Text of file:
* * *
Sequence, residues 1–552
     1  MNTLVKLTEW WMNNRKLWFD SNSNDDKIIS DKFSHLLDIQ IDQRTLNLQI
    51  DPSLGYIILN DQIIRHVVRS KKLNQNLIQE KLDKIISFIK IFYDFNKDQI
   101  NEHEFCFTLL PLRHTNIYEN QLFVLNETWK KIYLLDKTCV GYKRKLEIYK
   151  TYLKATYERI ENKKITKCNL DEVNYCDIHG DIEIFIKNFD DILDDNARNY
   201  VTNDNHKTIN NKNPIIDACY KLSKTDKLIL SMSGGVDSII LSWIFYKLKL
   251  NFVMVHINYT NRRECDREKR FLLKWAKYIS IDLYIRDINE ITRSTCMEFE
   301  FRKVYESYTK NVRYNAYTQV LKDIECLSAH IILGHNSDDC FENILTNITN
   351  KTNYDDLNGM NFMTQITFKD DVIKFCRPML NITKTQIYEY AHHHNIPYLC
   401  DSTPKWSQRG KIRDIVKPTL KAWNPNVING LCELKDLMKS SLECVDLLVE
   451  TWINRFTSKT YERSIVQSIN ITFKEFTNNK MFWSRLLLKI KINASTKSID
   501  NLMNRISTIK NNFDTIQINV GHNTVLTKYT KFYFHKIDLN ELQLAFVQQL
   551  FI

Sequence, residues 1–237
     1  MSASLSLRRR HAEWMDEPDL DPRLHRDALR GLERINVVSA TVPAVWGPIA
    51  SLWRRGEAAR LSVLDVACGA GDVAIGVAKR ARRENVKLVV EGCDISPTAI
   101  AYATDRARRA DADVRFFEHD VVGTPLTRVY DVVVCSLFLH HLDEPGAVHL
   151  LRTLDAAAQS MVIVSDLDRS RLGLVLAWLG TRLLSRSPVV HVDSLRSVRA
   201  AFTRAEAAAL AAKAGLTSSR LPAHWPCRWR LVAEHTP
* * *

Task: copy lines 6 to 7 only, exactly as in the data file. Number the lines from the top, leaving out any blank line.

   201  VTNDNHKTIN NKNPIIDACY KLSKTDKLIL SMSGGVDSII LSWIFYKLKL
   251  NFVMVHINYT NRRECDREKR FLLKWAKYIS IDLYIRDINE ITRSTCMEFE